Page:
Grantee: Marie Helweg-Larsen, Ph.D.
Marie Helweg-Larsen, Ph.D.
- Dickinson College
Professor of Psychology
Glen E. & Mary Line Todd Chair in the Social Sciences, Dickinson College
Describe your scientific identity.
I am a social psychologist who examines health beliefs, emotions, and cognitions and their relationship to preventive or risky health behaviors.
What are your research interests?
I study how people think about their risks (health cognitions) and examine the causes, consequences, and correlates of optimistic bias (thinking you are less at risk than other people). I have examined smoking-related risk beliefs, and in my last NIH-supported research I examined moralized beliefs about smoking across cultures and how they affect risk perceptions and willingness to quit smoking. In my current NIH-supported research, I am examining the effects of stigmatizing smokers in different cultures.
What is the significance of your current research project?
In my current NIH-funded research, I am examining the effects of stigmatization on U.S. and Danish cigarette smokersâ willingness to quit smoking. I expect that stigmatization will cause smokers to experience emotional, behavioral, cognitive, and attitudinal effects that reduce the likelihood that they will quit smoking. This research will provide valuable insights into the consequences of stigmatization (does it help or hinder smokers in quitting?) and thus lay the groundwork for more effective interventions and public health approaches.
What motivated you to work in tobacco control research?
Since my undergraduate days I have been fascinated by how smokers negotiate their identity as smokers. How do people simultaneously see themselves as sensible, rational people yet continue to engage in a risky behavior such as smoking? What are the strategies smokers use to reconcile these contrary images of themselves, and how can these insights contribute to helping smokers quit?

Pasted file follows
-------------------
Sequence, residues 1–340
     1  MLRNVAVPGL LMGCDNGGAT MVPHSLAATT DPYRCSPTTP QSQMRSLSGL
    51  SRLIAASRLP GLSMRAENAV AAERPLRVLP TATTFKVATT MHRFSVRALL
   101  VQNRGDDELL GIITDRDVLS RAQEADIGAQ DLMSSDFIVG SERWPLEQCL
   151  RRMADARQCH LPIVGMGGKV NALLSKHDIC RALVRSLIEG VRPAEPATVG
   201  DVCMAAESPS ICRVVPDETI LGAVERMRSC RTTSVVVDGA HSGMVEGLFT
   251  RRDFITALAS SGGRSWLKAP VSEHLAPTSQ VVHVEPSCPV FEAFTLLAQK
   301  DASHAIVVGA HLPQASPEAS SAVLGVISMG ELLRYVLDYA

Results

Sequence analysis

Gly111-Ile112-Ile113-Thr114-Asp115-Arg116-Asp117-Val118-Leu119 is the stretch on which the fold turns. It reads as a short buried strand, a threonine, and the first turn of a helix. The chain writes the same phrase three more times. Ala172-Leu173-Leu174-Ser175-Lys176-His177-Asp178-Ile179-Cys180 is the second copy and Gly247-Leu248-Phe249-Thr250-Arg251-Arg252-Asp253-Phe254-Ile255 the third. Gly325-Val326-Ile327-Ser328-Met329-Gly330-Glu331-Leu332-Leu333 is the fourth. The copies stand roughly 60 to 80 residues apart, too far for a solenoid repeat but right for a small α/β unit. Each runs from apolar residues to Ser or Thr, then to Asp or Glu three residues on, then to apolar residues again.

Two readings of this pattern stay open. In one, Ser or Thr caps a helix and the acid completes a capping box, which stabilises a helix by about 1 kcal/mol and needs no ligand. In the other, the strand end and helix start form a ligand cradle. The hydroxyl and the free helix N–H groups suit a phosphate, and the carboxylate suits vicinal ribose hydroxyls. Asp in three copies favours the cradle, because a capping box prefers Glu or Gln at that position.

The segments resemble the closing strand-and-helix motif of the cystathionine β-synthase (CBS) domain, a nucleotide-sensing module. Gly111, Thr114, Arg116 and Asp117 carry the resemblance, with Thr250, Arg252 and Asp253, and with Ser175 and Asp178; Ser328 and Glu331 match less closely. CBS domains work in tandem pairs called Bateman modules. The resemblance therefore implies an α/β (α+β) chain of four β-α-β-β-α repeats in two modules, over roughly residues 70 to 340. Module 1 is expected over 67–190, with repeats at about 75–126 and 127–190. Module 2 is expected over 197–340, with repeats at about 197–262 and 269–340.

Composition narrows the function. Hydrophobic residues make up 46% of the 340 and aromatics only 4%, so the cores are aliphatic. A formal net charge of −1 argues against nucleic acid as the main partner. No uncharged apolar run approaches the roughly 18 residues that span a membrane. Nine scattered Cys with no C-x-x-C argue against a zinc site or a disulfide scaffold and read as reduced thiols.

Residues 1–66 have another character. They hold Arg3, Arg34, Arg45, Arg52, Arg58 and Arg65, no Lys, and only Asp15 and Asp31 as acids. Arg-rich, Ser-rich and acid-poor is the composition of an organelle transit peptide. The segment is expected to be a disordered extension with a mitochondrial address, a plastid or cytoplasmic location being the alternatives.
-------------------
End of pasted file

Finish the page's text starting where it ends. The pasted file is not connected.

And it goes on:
Describe something that had a profound influence on your program of research or scientific interests (an "ah-ha!" moment).
In my first NIH-funded research project, I interviewed smokers in the U.S. and Denmark about their experiences as smokers in their daily lives. I was struck by how offensive smokers found the lecturing and finger-pointing by non-smokers, and some smokers said it made them less interested in quitting. The possibility that stigmatization might motivate some but demotivate others led to my current NIH-funded grant, which examines the effect of stigmatization on smokersâ emotional, cognitive, and behavioral reactions.
Selected training, awards, and honors:
- Endowed Chair, the Glenn E. & Mary Line Todd Chair in the Social Sciences (2018)
- Dickinson Award for Distinguished Teaching (2015)
- Principal Investigator, National Institutes of Health and National Cancer Institute, R15-CA133152, "Moralization, Risk Perceptions, and Smoking Cessation in the U.S. and Denmark," $178,088 and $43,400 from Dickinson College (2008 - 2012).
Since my undergraduate days I have been fascinated by how smokers negotiate their identity as smokers. How do people simultaneously see themselves as sensible, rational people yet continue to engage in a risky behavior such as smoking?”